Tuesday, August 30, 2011

NATO’s Libyan TNC: the anarchy to come

Libyan rebels
Finally NATO had its way with Libya; their rebels overtook Tripoli and always with the crucial help of air bombings conducted by their pilots, ousted government forces that now resist elsewhere in the country. Once Gaddafi is captured, killed, disintegrated, or liquefied by an obviously stronger force, it will be up to the TNC, in the name of these groups of disorganized individuals - called rebels by mainstream media- to provide a minimum level of security and normalcy in which, maybe, the celebratory fire will stop once for all. It will be hard though, if ever possible, since the only common goal that holds these groups together is their desire to get their hands on Gaddafi: Unity and cohesion are needed to govern this multi-ethnic country, and to show that ‘democracy’ brought by NATO works in Libya and that it is good.

Libyan children
However, those very countries members of the North Atlantic Alliance, are now very worried about the proliferation of conventional weapons in Libya. There are reports of children as young as 13 carrying weapons in Tripoli and the new authorities share their concerns that many of the weapons looted from government storages   may have fallen “in the wrong hands”. CNN, in the voice and image of courageous Sarah, who defying the rain of bullet shells of the celebratory fire,  broadcast live how rebels forced their way into Bab al-Aziziya, Gaddafi’s fortified compound, and paraded an array of weapons for the cameras as she praised  their bravery.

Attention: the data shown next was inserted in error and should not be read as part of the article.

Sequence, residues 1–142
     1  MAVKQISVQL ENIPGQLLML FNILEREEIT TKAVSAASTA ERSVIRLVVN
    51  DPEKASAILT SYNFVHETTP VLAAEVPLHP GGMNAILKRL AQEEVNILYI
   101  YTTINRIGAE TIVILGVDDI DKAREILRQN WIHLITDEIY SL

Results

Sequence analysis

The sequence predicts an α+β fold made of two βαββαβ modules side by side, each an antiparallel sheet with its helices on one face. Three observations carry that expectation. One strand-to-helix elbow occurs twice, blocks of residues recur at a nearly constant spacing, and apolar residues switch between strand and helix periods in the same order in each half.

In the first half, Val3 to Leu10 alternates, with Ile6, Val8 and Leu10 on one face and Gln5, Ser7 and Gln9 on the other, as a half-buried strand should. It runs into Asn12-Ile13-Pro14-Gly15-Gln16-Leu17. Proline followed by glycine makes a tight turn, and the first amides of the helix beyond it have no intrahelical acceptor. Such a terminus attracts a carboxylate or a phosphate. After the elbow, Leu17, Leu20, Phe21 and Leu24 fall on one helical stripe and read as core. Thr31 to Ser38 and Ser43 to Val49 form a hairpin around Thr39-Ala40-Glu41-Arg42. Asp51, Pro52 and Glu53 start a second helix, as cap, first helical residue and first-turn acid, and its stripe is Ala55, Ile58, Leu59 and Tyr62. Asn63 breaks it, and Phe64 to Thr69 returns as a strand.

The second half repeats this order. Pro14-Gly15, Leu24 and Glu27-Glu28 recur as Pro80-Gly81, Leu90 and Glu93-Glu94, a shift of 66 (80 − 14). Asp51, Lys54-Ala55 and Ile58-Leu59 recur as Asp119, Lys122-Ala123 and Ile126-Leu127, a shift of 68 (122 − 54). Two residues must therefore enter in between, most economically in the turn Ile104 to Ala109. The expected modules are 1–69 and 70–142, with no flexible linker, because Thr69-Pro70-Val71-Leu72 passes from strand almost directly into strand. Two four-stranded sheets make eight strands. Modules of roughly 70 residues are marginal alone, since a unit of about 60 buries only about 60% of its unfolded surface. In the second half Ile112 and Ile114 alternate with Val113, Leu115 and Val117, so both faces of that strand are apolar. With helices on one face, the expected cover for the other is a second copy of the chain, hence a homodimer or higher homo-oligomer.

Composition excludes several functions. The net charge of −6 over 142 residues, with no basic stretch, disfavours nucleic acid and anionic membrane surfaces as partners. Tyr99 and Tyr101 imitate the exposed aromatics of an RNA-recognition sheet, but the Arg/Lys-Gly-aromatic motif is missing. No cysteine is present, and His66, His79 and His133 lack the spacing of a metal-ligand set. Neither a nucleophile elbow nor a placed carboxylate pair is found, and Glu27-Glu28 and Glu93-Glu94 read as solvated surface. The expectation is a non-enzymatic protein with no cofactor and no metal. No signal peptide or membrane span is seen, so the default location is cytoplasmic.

Rebels walk out of Gaddafi's compound with their hands full
So the legacy of NATO’s intervention on behalf of the imperialistic greed of western powers is very simple: the shameful precedent that it is licit to change governments at will anywhere in the world, and that the rule of force is the appropriate means of resolving conflicts. That military intervention, ‘to save innocent lives’ in the form of thousands of air raids and the ulterior involvement of boots, leaves another destabilized country in the Middle East, a region that is under a deep crisis.

Libyan rebels
It rests to see how soon Libya becomes another Iraq and/or Afghanistan, adding to the distressing reality of those countries its own string of suicide bombings, desolation, death and destruction, all courtesy of NATO.

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